TABLE 1
Friedel-Crafts Alkylation of Compound 2 with Acetone
AcetoneTemper-TimeYield
Entry(equi.)Catalystature (° C.)(hours)(%)
10.595% H2SO4a101616
23.895% H2SO4b65333
33.895% H2SO4c65358
43.895% H2SO4c125337
a4M 2-(1,3-dithiolan-2-yl)furan with respect to 95% H2SO4.
b44 μl 50% H2SO4 (aq.)/g 2-(1,3-dithiolan-2-yl)furan.
c89 μl 50% H2SO4 (aq.)/g 2-(1,3-dithiolan-2-yl)furan.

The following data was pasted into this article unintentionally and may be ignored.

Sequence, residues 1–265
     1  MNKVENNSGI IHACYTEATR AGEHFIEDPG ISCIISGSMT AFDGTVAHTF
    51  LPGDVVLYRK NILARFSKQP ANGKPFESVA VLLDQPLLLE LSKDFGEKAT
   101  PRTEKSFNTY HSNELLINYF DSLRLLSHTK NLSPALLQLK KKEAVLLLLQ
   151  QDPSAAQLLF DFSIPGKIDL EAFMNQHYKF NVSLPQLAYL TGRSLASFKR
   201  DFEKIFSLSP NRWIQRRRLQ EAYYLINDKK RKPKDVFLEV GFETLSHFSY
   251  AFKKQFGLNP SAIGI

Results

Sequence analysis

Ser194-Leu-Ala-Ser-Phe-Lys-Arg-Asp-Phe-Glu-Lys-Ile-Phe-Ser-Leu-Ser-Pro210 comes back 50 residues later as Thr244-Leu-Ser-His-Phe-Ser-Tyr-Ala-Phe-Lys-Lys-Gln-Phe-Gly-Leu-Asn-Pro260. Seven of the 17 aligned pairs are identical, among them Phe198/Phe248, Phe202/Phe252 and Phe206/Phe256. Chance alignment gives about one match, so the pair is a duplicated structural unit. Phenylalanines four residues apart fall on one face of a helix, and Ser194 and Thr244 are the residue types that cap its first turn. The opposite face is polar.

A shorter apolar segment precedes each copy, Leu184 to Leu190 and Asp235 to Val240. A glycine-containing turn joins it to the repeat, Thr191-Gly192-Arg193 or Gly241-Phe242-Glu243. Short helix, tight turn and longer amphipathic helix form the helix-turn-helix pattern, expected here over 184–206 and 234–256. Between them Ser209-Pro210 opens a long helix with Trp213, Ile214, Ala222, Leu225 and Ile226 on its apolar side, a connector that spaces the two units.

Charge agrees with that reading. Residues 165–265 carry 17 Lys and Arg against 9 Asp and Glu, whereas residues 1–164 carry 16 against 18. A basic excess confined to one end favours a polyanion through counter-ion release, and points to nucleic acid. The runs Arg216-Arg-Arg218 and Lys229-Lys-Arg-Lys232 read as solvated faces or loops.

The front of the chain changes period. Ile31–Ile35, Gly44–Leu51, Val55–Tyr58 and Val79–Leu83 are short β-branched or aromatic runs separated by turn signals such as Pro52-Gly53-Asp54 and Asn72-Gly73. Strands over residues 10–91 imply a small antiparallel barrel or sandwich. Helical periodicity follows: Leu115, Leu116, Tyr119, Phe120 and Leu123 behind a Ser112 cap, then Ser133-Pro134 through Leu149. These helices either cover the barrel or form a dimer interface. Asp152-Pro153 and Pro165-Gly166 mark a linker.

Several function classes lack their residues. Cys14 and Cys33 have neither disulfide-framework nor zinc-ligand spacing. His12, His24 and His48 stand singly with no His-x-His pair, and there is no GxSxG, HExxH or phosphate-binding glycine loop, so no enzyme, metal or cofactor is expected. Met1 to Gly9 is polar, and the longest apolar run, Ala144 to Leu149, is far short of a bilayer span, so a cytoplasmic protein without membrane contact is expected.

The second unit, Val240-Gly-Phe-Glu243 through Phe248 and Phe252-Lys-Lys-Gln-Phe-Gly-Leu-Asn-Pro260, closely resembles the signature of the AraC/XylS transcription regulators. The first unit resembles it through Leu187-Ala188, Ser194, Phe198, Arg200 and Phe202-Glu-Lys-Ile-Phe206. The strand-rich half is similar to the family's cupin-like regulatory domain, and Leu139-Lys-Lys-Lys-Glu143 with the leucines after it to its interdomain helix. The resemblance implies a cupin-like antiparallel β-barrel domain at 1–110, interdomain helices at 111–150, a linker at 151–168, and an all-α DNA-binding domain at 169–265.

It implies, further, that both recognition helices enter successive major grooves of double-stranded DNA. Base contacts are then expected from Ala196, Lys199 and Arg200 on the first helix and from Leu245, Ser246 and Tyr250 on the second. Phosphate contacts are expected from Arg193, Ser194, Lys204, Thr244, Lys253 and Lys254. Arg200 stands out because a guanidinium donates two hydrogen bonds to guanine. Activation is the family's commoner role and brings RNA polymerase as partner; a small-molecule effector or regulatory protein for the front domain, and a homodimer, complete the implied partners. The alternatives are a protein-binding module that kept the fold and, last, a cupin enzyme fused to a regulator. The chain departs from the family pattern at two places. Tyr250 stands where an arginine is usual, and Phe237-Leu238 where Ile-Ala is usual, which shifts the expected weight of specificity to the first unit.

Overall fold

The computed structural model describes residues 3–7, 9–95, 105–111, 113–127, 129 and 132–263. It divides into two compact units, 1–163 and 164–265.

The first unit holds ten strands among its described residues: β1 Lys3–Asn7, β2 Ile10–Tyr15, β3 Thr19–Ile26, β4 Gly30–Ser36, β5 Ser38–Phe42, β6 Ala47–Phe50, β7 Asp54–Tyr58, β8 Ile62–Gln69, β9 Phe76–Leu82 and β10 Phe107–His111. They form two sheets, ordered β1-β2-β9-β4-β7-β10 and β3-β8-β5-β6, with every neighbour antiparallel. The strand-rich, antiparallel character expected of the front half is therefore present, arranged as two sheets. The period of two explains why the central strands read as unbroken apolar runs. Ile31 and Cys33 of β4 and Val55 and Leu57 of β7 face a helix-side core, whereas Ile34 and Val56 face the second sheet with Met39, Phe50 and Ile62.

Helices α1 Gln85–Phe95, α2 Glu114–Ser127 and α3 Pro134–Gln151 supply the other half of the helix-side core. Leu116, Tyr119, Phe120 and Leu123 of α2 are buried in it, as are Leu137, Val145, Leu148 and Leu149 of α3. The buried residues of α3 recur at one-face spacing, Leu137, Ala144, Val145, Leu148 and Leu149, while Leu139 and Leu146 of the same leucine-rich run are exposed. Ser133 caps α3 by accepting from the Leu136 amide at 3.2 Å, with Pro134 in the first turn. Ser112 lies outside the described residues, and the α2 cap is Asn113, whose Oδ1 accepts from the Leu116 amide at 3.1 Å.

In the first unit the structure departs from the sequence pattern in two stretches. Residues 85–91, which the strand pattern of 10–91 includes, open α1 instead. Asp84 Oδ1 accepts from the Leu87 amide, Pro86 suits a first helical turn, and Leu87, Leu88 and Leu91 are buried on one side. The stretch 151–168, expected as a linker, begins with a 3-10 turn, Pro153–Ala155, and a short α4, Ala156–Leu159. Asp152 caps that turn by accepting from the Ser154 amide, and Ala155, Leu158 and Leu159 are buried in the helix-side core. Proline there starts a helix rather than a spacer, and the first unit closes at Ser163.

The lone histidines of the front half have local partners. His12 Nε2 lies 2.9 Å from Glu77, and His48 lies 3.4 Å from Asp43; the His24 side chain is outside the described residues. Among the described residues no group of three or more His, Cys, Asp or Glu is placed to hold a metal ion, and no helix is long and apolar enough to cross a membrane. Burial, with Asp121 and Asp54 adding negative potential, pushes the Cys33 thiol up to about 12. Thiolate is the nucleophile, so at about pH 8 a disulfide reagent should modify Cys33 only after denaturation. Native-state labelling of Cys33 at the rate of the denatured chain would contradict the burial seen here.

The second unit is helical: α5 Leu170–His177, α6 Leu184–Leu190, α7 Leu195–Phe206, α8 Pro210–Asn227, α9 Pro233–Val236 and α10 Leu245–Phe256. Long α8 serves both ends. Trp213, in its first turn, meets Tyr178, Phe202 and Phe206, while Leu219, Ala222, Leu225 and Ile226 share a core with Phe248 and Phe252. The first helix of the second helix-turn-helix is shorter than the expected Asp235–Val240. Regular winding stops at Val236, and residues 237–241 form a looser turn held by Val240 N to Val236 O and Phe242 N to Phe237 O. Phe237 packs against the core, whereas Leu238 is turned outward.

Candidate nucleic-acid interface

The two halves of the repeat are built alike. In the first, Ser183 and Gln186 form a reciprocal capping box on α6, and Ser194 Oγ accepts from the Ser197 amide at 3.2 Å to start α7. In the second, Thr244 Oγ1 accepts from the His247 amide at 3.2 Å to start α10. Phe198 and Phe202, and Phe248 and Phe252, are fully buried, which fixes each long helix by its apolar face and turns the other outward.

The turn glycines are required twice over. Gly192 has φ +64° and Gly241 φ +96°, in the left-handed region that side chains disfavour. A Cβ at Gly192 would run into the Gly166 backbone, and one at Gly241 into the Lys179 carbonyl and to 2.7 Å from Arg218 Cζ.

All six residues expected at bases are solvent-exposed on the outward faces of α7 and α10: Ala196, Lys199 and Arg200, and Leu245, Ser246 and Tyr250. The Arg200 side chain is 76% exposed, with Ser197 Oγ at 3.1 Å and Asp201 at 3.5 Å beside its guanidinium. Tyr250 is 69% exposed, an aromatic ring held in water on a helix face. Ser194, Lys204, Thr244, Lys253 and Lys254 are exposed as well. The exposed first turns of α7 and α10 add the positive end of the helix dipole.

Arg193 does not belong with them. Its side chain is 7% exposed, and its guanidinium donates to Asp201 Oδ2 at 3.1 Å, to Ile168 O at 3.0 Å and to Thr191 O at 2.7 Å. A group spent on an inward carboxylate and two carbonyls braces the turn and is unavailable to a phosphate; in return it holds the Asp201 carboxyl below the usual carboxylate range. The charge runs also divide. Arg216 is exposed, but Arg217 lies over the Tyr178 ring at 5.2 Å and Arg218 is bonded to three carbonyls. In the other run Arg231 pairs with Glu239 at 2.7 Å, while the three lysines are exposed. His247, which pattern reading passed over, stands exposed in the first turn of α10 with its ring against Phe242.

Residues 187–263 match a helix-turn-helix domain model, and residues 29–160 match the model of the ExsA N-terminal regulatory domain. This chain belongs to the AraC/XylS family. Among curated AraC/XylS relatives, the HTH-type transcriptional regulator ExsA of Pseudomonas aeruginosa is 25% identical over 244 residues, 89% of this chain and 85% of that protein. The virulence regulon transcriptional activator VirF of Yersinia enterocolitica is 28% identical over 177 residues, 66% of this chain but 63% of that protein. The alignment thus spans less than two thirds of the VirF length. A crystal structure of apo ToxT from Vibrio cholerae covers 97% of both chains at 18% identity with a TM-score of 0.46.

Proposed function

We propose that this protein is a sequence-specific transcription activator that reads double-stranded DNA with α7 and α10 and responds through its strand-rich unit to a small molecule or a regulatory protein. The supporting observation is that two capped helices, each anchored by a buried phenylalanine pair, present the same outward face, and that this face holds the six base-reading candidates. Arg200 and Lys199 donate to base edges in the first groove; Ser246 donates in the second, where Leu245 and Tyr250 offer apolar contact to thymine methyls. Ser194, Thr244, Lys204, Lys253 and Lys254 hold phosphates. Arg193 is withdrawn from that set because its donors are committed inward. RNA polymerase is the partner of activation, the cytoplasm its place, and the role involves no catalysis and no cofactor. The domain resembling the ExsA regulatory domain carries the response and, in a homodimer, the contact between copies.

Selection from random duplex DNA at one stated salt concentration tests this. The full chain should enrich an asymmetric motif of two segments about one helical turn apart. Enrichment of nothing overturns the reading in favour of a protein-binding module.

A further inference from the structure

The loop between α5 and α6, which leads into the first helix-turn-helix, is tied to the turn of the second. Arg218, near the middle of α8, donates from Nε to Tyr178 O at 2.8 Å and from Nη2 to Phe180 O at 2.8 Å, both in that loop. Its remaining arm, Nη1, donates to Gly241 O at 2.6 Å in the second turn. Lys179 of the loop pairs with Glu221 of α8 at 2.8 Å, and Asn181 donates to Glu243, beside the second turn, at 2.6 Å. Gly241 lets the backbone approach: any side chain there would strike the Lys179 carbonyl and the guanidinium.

Briefly, acetone (0.286 mol) was added to compound 2 (75.6 mmol) and stirred to dissolution at room temperature. Further hydroquinone (18.1 mmol) was also added to the reaction followed by dropwise addition of 50% H2SO4 (0.5 ml) while maintaining the temperature at 0° C. The reaction solution was further stirred for a period of 12.0 hours at 65° C. Completion of the reaction was monitored by TLC using hexanes:ethyl acetate (7:3) as a developing system. The reaction was diluted with water and neutralized with saturated aqueous sodium bicarbonate. The organic layer was then extracted with ether (3×100 ml). The organic layer was dried over anhydrous MgSO4 and concentrated under reduced pressure. The crude material was further purified using silica gel column chromatography with 25% acetone in hexanes as an eluent to obtain pink-red crystals (16.8 g, 58%). 1H NMR (600 MHz, CDCl3): δ 6.19 (d, 2H, J=3.0 Hz, furan ring), 5.89 (d, 2H, J=3.6 Hz, furan ring), 5.58 (s, 1H, dithio methylene), 3.39 (m, 4H, dithio ring), 3.29 (m, 4H, dithio ring), 1.61 (s, 6H, CH3). 13C NMR (150 MHz, CDCl3): δ 159.90, 153.23 (2C, aromatic), 107.43, 105.15 (2C, aromatic), 47.80 (2C, dithio ring carbon), 39.15 (1C, bridging carbon), 37.89 (4C, dithio ring carbon), 26.51 (2C, CH3). HRMS: m/z [M+Na]+ calcd for C17H30O2S4 is 407.5892. found 407.5. The 1H NMR and 13C NMR spectra of compound 3 are shown in FIG. 19 and FIG. 20, respectively.